The contact 37 is connected to relay contacts 47, 50, 53 and 57.

Contact 37 is also connected to one side of limit switch 32. The other side of the limit switch 32 is connected to contact 58 of relay 33.

The second side of the valve solenoid coil 28 is connected to contact 49 of relay 34. The second side of clutch energizing coil 39 is connected to contact 56 of relay 33. The second side of relay coil 33 is connected to contact 43 of relay 36. The second side of relay coil 34 is connected to one side of plant switch 31. The second side of the relay coil 36 is connected to contact 48 of relay 34. The re-set switch 29 is connected by lead 113 to the plant sensor 14. The other side of the sensor 14 is connected to contact 54. The other side of switch 29 is connected to switch 31 and by lead 111 to contact 51.

FIGS. 3 and 4 illustrate the control apparatus of the invention which is contained in the unit 19. A generally rectangular container is formed with side walls 61 and 62 and has an end wall 82 as best shown in FIG. 3. A shaft 63 extends transversely through the container and is rotatably supported in side walls 61 and 62. Collars 65 and 66 are attached to the shaft 63 on the outside of walls 61 and 62, respectively, to prevent it from moving transversely of the walls 61 and 62. A spocket 64 is non-rotatably attached to shaft 63 to drive it. A magnetic clutch 67 is mounted to the inside of wall 61 about shaft 63 and has a driving portion 68 which rotates with shaft 63. A driven portion of the clutch 69 has a disc 70 which may be magnetically coupled to the driving portion 68 when the magnetic clutch is energized. The driven portion 69 is connected to a disc 71 that is rotatably mounted on the shaft 63. The disc 71 is spring biased by a spring 72 which is attached to the container wall at one end and has its other end connected by a set screw 73 to the edge of the disc 71. Spring 72 biases the disc 71 in a first direction at all times. A switch actuator 74 is attached to the edge of disc 71 by set screws 76.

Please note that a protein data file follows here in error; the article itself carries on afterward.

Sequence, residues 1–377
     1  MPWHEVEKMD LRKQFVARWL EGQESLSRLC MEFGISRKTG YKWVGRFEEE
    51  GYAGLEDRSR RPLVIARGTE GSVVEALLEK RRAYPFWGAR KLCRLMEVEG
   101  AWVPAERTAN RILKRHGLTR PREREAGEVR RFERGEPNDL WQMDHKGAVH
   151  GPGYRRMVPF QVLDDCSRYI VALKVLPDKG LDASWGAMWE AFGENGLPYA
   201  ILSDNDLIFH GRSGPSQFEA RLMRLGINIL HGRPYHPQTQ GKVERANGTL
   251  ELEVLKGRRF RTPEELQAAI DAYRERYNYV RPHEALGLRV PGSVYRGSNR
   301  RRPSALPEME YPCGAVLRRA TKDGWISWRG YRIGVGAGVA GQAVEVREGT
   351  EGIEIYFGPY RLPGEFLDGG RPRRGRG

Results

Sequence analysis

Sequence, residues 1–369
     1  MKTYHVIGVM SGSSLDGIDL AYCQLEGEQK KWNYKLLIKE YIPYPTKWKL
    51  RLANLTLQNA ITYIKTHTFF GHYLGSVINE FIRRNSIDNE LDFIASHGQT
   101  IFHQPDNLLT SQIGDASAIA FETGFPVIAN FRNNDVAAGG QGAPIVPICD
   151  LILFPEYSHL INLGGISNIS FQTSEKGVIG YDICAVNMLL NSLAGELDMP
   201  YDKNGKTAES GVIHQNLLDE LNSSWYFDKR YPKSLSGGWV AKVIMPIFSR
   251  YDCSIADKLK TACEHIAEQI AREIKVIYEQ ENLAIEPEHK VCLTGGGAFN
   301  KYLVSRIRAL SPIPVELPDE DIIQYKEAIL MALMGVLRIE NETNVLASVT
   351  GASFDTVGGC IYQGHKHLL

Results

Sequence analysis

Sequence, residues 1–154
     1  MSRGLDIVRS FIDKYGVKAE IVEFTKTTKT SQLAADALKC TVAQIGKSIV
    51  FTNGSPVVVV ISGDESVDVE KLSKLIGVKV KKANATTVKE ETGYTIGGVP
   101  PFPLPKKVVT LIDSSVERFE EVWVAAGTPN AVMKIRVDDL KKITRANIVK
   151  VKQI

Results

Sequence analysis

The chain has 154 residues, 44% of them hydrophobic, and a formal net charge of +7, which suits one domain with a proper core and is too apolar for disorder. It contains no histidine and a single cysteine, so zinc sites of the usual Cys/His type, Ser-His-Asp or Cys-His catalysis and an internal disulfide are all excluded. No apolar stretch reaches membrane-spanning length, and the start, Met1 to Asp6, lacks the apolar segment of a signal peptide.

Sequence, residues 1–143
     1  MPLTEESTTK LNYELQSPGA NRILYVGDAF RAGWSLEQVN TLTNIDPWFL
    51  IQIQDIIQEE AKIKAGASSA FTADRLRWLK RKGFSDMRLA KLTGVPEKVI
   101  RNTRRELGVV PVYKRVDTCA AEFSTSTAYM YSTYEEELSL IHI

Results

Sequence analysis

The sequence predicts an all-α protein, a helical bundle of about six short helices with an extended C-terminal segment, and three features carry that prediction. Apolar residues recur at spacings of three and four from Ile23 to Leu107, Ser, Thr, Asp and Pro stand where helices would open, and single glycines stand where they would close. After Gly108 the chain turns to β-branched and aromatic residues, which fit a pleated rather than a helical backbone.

A re-set switch-carrying disc 77 is rotatably mounted on the shaft 63. A transversely extending lug 78 is mounted in a slot 98 in disc 77 and is threaded to receive a holding and adjusting lead screw 79. The lead screw 79 is rotatably supported in a bracket 81 connected to the wall 62 and by the wall 82. A knurled knob 83 is mounted on the shaft 79 for adjusting the angular position of the disc 77. A nut 84 and a washer 86 are mounted on the shaft 79 adjacent the bracket 81.

The re-set switch 29 is mounted to the disc 77 by a bracket 87 which is connected to the edge of the disc 77 by set screws 88.

A limit switch disc 89 is rotatably supported on the shaft 63 and carries a switch supporting bracket 91 that is attached to its edge by set screws 90. Disc 89 supports the limit switch 32 by set screws 92.

The limit switch disc 89 may be rotatably adjusted to vary the position of the limit switch 32 by a threaded shaft 101 which carries a knurled knob 102, as best shown in FIG. 4. The shaft 101 is rotatably supported between the bracket 81 and the wall 82 in a fashion similar to shaft 79. The shaft 101 is threadedly received through an adjusting lug 103 which is slidably mounted in a slot 104 of the disc 89, as shown in cutaway in FIG. 4. Thus, by rotating the shaft 101 by knob 102, the lug 103 may be made to move to the left or right relative to FIG. 4 which in turn causes the disc 89 to rotate either counterclockwise or clockwise relative to FIG. 4 to adjust the position of the limit switch 32.